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ARS Home » Pacific West Area » Pendleton, Oregon » Columbia Plateau Conservation Research Center » Research » Publications at this Location » Publication #79835

Title: THE PENDLETON AGRICULTURAL RESEARCH CENTER, 1967-1992

Author
item PUMPHREY, F.
item Rasmussen, Paul

Submitted to: Pendleton Station Field Day
Publication Type: Experiment Station
Publication Acceptance Date: 6/12/1995
Publication Date: N/A
Citation: N/A

Interpretive Summary: The purposes and accomplishments of the Pendleton Agricultural Research Center from 1967 to 1992 were reviewed and documented. This publication is a sequel to Special Report 233 (1967) which listed accomplishments from 1928 to 1966. Research has been conducted by Oregon State University and the USDA-Agricultural Research Service since 1967 in the fields of cereal breeding, plant pathology, weed science, plant physiology, soil chemistry, soil physics, and soil microbiology. Weed control in cereals, phenological development of grasses, tillage innovations, and identification of long-term changes in soil quality were topics of major research emphasis. The Columbia Plateau Conservation Research Center was built and staffed by USDA-ARS in the early 1970¿s to augment research for improving water conservation in soil and reducing soil erosion on steeply-sloping lands. Scientists cooperated on national and international projects involving genetic improvement of cereals, growth stages of cereals, control of soil-borne plant diseases, and identification of long-term agricultural effects on soil organic matter and sustainability of agriculture. Twenty-seven scientists served during the 25-year period. They published 251 articles in technical journals in addition to more than 800 local and regional articles for farmers, land managers, agricultural advisors and consultants, and the general public.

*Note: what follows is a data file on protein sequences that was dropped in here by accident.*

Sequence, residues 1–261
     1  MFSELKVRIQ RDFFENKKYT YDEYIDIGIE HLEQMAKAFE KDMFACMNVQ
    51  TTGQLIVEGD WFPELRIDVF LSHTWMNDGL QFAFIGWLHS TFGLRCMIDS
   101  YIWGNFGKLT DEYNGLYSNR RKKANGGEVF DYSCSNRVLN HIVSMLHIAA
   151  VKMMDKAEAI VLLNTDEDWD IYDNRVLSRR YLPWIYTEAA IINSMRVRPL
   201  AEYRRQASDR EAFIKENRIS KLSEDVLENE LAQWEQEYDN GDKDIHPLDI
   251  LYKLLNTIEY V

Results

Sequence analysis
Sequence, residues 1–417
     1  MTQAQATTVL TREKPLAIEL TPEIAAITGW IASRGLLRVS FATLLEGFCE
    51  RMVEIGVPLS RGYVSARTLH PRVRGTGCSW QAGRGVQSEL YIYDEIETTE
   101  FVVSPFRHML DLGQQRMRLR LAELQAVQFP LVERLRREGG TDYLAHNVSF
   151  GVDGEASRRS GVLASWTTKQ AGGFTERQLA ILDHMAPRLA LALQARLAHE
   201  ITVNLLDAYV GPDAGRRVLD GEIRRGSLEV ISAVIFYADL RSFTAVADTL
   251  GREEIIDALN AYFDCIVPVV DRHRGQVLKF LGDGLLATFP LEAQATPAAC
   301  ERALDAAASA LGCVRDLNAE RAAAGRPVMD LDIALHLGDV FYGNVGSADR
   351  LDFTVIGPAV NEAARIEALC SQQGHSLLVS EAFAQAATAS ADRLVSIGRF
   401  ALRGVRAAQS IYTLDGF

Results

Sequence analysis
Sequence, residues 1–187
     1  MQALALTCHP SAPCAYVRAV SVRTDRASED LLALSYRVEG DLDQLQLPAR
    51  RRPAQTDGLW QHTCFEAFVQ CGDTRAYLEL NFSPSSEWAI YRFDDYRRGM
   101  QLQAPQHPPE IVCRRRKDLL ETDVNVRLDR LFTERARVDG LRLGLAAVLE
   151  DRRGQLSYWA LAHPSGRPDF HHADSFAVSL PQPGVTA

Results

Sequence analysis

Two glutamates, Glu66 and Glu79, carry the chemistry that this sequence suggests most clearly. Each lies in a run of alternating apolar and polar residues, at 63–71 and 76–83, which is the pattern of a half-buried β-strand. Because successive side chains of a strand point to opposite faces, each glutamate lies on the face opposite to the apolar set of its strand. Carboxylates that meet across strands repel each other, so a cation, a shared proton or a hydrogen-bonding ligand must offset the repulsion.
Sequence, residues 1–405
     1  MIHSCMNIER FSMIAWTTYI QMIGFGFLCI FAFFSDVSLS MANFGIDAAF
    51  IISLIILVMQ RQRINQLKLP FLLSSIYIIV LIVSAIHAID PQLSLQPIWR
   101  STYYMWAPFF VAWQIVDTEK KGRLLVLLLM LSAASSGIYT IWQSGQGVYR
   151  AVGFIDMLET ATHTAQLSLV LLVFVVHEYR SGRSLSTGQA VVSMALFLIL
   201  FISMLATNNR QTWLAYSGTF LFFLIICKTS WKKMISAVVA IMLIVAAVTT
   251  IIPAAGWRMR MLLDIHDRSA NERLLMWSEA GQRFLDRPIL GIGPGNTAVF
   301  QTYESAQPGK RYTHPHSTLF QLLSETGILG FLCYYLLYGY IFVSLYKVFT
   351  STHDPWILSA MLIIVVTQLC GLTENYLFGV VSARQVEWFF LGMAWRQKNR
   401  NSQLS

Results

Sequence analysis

Technical Abstract: The scope of agricultural research and accomplishments of the Pendleton Agricultural Research Center from 1967 to 1992 were documented. This publication is a sequel to Special Report 233 (1967) which listed accomplishments from 1928 to 1966. Research was conducted jointly by Oregon State University and the USDA- Agricultural Research Service in cereal breeding, plant pathology, weed science, plant physiology, soil chemistry, soil physics, and soil microbiology. Weed control in cereals, phenological development of grasses, tillage innovations, and identification of long-term changes in soil quality were topics of major research emphasis. The Columbia Plateau Conservation Research Center was built and staffed by USDA-ARS in the early 1970¿s to augment ongoing research to improve water conservation in soil and reduce soil erosion on steeply-sloping lands. Scientists cooperated on national and international projects involving genetic improvement of cereals, identifying growth stages of cereal development, controlling soil-borne plant diseases, and identifying long-term agricultural management effects on soil organic matter quality and sustainability of agriculture. Twenty-seven scientists served during the 25-year period. They published 251 articles in technical journals in addition to more than 800 local and regional articles for farmers, land managers, agricultural advisors and consultants, and the general public.